Introduction: Obesity is associated with kidney stone disease, but it is unknown whether this association differs by SES. This study assessed the extent to which obesity and neighborhood characteristics jointly contribute to urinary risk factors for kidney stone disease. Methods: This was a retrospective analysis of adult patients with kidney stone disease evaluated with 24-hour urine collection (2001–2020). Neighborhood-level socioeconomic data were obtained for a principal component analysis, which identified 3 linearly independent factors. Associations between these factors and 24-hour urine measurements were assessed using linear regression as well as groupings of 24-hour urine results using multivariable logistic regression. Finally, multiplicative interactions were assessed testing effect modification by obesity, and analyses stratified by obesity were performed. Analyses were performed in 2021. Results: In total, 1,264 patients met the study criteria. Factors retained on principal component analysis represented SES, family structure, and housing characteristics. On linear regression, there was a significant inverse correlation between SES and 24-hour urine sodium (p=0.0002). On multivariable logistic regression, obesity was associated with increased odds of multiple stone risk factors (OR=1.61; 95% CI=1.15, 2.26) and multiple dietary factors (OR=1.33; 95% CI=1.06, 1.67). No significant and consistent multiplicative interactions were observed between obesity and quartiles of neighborhood SES, family structure, or housing characteristics. Conclusions: Obesity was associated with the presence of multiple stone risk factors and multiple dietary factors; however, the strength and magnitude of these associations did not vary significantly by neighborhood SES, family structure, and housing characteristics.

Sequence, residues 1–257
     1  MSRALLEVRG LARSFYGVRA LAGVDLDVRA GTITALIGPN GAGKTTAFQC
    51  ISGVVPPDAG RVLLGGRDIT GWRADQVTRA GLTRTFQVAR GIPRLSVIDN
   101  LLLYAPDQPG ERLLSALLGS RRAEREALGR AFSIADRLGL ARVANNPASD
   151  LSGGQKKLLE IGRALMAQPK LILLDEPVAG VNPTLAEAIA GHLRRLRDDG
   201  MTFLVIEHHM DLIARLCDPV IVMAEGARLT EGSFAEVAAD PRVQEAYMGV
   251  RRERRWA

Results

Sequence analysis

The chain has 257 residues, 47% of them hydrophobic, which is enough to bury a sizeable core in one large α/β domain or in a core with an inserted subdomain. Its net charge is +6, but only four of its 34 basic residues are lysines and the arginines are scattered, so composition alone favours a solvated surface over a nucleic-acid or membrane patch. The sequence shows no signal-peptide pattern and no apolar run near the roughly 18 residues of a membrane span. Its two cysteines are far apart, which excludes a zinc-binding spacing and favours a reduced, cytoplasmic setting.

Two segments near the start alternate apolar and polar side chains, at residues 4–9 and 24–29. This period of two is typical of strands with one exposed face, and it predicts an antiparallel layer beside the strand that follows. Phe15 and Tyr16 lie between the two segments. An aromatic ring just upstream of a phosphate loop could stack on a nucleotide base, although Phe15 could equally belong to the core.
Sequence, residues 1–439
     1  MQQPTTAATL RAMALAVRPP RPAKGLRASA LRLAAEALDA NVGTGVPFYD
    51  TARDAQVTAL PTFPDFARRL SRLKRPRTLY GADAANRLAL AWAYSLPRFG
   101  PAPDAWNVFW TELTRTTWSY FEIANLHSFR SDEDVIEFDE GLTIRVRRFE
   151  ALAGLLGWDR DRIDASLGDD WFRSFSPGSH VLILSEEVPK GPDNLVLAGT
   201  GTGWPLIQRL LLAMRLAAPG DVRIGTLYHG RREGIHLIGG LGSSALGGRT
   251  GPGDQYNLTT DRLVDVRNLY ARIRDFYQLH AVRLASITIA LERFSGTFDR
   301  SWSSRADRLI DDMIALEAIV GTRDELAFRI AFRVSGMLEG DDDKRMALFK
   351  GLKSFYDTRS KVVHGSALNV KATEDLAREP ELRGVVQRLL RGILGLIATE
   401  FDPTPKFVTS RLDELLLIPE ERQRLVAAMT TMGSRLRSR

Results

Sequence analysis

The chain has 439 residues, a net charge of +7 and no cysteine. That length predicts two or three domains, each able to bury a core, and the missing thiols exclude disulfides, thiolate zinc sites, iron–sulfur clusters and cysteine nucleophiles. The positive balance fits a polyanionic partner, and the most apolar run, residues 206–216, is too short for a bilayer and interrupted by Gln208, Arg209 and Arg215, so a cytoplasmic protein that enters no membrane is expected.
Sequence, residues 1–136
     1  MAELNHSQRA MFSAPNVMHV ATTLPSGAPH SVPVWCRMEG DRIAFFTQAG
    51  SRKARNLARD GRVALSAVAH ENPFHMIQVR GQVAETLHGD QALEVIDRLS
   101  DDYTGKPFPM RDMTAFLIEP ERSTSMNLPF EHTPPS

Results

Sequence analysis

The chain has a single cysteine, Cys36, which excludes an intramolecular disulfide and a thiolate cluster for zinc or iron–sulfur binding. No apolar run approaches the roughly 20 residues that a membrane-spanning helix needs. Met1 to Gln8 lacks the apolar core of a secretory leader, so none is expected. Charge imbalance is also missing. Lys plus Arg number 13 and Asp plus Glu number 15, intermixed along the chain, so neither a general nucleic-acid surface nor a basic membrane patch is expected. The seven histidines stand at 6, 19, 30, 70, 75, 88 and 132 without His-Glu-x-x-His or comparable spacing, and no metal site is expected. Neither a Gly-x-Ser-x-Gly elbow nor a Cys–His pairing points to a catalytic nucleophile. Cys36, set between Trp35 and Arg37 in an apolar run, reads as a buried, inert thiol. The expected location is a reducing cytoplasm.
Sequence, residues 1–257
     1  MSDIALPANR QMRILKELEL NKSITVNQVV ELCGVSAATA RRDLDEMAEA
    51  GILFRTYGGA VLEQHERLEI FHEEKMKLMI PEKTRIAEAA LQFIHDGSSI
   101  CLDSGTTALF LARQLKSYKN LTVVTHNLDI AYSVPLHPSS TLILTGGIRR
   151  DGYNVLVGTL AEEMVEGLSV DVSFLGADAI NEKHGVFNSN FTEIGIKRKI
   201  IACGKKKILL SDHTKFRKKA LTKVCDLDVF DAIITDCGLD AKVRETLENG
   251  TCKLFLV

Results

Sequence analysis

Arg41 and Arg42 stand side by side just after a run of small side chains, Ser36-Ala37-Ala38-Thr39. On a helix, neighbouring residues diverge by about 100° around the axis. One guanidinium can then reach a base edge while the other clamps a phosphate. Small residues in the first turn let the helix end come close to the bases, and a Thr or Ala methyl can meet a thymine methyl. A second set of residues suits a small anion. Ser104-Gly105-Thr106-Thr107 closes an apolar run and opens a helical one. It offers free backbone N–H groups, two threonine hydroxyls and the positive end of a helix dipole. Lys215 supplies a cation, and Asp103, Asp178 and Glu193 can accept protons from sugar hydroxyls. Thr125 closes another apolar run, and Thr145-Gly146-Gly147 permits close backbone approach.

ASJC Scopus subject areas
- Public Health, Environmental and Occupational Health